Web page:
My mother bought me a book when I was a teenager. It was her way of talking to me directly about an uncomfortable subject. She had taught me that in polite conversation, you don’t talk about politics, religion or sex.
The book was not about religion or politics.
One of the recommendations was that when, as a teenaged girl, you were feeling “urges,” you could avoid temptation by engaging in rigorous physical activity. I specifically remember the recommendation being to scrub the floor by hand using a stiff brush. Now think about that for just a moment. Is that a word choice you would use to dissuade a virtuous young maid?
In my adult life, being in phase one of acquisition, I had a Pampered Chef party, because really, who doesn’t need more kitchen toys? The PC lady had a tool she attempted to sell at every party because it was so useful. I was convinced, and became the proud owner of a food chopper. I could make powdered walnuts in no time, and here is the over-the-moon benefit, I could beat the ba-jeebers out of something while doing it. Great stress relief. Pounding on the knob was not only satisfying, but the loud sounds emanating from the impact usually brought out someone to inquire as to whether everything was all right. Ahem.
Fast forward post-divorce to my current love of making cheese. One of the finest kitchen outlets, aside from the electrical ones, is giving your blue cheese the requisite air to grow mold. No, you don’t just blow on it, you stab it with long knitting needles. Forcefully and repeatedly. I often think about a friend who was going into nursing who said they practiced giving shots using oranges as their “subjects.” I think cheese would be a great stand in for … homicidal maniacs? I agree, let’s not give anyone ideas. Not only would TSA not let you on a plane with knitting needles as they do now, they might take your cheese away too.
But enough of beating up cheese. Let us turn instead to the dilemma of darling daughter.
When she was young, she could spend hours in hysterics, adjusting her dismay over something so mundane as, for example, not being allowed to climb to the top of the 80′ tree, stark naked.
When she transitioned to public school in 4th grade, her tolerance levels were frequently challenged. One day I was working at home only to have the front door banged on and a screaming, crying child launch herself into the room. She was frustrated with something at school and while the staff tried to figure it out, she took matters into her hands and ran all the way home, including crossing an extremely busy street.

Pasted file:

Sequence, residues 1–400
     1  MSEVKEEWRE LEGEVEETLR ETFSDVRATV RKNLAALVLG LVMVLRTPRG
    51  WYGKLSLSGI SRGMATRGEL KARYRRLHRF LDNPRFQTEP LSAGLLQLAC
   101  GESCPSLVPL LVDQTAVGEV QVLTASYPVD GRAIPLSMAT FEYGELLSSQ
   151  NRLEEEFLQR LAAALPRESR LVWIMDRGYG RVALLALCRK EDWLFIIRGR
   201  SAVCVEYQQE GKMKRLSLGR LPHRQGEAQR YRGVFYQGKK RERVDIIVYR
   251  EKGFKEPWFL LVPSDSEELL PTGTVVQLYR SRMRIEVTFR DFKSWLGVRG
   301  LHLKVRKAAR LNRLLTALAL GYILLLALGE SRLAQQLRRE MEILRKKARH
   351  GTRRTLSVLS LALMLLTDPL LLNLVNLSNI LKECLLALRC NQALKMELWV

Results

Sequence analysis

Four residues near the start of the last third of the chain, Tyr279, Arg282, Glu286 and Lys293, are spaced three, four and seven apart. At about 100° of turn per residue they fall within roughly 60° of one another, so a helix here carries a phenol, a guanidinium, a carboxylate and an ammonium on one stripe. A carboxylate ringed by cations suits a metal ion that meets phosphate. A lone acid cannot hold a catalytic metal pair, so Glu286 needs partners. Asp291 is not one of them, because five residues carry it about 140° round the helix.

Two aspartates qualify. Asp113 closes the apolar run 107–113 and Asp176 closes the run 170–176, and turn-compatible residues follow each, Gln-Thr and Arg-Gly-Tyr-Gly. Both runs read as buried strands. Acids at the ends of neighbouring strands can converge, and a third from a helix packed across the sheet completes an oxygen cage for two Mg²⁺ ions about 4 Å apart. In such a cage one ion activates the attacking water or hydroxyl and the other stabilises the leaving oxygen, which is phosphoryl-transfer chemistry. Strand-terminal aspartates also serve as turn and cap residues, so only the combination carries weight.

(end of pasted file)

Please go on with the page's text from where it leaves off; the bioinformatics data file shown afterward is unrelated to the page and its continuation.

But she’s older now. Off to college last year, I only got 5 or 6 sniffly phone calls and then only when her grades didn’t match her “straight” expectations. [Clarification – grades with curves in them are to be despised. F is a straight grade, but is to be shunned above all others. Straight grades are the only acceptable ones]
And she’s home for the summer and finally deciding to get her driver’s license. The testing venue has you use their car. One with which you are not familiar, because of course that is logical, right? Actually I think it is so they can justify buying cars for their business and writing them off their taxes, but that is just the cynical me talking.
So as you probably surmised, the venture was unsuccessful. There was a clear violation of law (you must stop at sidewalks before entering traffic) and she’ll have to take it again. She was disappointed and frustrated. Frustrated in a way that not even Nutella would cure. We had to make hamburgers.
One of the things we like on hamburgers is pickles. Not just any pickle. We prefer German style Dill pickles. Mustard instead of garlic and a hint of sugar without being sweet. Yum. We used to buy Farman’s brand German Style Dills. In our local store. Then in select stores. Then fewer select stores. Then Farman’s was bought by Libby’s and they stopped making German Style Dills. It was a sad day!! Currently we can buy echt [Ger: adv. authentic] German Pickles at World Market, but the frugal in me rails at pickles for $7/jar. Come on guys, it’s a bunch of cucumbers in some yummy liquid!
And so, without further ado, but a modicum of translating by yours truly, for those of you who want German Dills to mollify your not-yet-driving-hamburger-eating offspring, I present:
German Style Dill Pickles
To each jar add:
- 1 to 2 tsp mustard seed
- Fresh dill, chopped
- 1 onion, quartered or sliced
- 6 peppercorns
- 2 cloves allspice
- 1 small sprig tarragon (or 1/2 tsp dried)
- 1/4 bay leaf
In a large pot combine:
- 4 cups white vinegar or white wine vinegar
- 5 quarts water
- 1/2 cup pickling or kosher salt
- 2 1/4 cups sugar (adjust lower if you want less sweet)
Bring to a boil and pour over the cucumbers so they are completely covered with the pickling liquid. Seal the jars and return to the water bath for 10-15 minutes. Leave them for at least 6 weeks before opening and devouring.